Decellularisation for pulmonary valve replacement

Date: September 19, 2018

A process designed to reduce the risk of rejection in heart surgery patients receiving donated aortic valves is now also being applied to pulmonary valves.

The decellularisation process, in which cellular material is removed from tissue before a patient’s own cells repopulate the remaining matrix, was developed by Professor Eileen Ingham and colleagues at the University of Leeds. It was first designed for the aortic valve, which pumps blood around the body. Physiologically the aortic valve works hardest and is more likely to need replacing in patients.

Often a surgeon will take the pulmonary valve, which supplies blood to the lungs, and switch it over to the aortic side, using a donor valve to replace the pulmonary one. Donor valves wear out over time, but this happens more slowly on the pulmonary side and is usually caught through monitoring symptoms.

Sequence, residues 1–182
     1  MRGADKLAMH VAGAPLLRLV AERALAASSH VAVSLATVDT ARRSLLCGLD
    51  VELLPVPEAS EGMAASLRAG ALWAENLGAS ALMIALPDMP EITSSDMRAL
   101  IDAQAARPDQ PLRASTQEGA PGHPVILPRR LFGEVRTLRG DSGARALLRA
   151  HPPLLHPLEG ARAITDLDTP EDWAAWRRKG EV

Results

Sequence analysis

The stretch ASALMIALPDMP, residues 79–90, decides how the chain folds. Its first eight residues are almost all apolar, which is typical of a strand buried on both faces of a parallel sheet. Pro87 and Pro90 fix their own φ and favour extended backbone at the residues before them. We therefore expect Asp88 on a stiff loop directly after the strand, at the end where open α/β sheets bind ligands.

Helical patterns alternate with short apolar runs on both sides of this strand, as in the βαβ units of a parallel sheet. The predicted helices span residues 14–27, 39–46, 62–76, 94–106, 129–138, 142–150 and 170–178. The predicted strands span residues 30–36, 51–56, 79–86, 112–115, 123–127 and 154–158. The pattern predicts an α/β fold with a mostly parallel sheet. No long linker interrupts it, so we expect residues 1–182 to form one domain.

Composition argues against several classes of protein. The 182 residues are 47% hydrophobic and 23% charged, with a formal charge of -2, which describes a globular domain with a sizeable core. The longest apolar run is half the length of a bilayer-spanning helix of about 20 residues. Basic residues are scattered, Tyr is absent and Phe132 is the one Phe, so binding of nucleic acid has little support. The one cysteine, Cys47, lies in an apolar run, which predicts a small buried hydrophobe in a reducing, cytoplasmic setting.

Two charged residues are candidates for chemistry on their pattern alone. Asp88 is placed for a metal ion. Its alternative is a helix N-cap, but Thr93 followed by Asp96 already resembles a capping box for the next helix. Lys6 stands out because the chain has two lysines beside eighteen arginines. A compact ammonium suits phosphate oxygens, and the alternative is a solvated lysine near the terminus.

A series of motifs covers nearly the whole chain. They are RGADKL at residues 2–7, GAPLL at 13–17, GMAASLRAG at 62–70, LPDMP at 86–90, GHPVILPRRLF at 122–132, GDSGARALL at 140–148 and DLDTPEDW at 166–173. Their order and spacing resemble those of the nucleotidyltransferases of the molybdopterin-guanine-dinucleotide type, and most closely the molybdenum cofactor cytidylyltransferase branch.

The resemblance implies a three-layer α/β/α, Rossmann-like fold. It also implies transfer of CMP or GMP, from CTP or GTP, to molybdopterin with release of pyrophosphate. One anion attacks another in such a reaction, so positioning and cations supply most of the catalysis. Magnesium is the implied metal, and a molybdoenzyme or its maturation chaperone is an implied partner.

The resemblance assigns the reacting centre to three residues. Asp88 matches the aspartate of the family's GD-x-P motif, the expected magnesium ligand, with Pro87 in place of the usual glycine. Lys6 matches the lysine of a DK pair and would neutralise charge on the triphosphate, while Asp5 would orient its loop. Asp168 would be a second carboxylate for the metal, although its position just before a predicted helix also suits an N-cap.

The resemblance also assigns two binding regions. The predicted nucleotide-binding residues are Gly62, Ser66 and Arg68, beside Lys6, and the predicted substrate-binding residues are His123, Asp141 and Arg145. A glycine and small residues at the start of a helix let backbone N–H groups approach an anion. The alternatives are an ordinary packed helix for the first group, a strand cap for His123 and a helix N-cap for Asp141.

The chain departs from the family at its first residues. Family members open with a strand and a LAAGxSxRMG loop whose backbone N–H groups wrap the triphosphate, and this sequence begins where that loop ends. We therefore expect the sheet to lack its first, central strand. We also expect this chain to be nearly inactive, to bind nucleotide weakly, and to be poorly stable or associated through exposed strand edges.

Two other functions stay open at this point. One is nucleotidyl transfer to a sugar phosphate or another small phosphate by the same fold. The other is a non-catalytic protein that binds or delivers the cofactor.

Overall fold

In conversations with a Brazilian heart surgeon and collaborator, the question arose as to whether the decellularisation process could also work on the pulmonary valve. The IKC has supported early testing of decellularised porcine pulmonary valves in a sheep model, with largely positive results.

The community is rightly cautious about using decellularised porcine valves because of earlier failures in this area by a US company. While any new approach will take time to be accepted, the team is working with long-term partner NHS Blood and Transplant to apply the technology to human valves.

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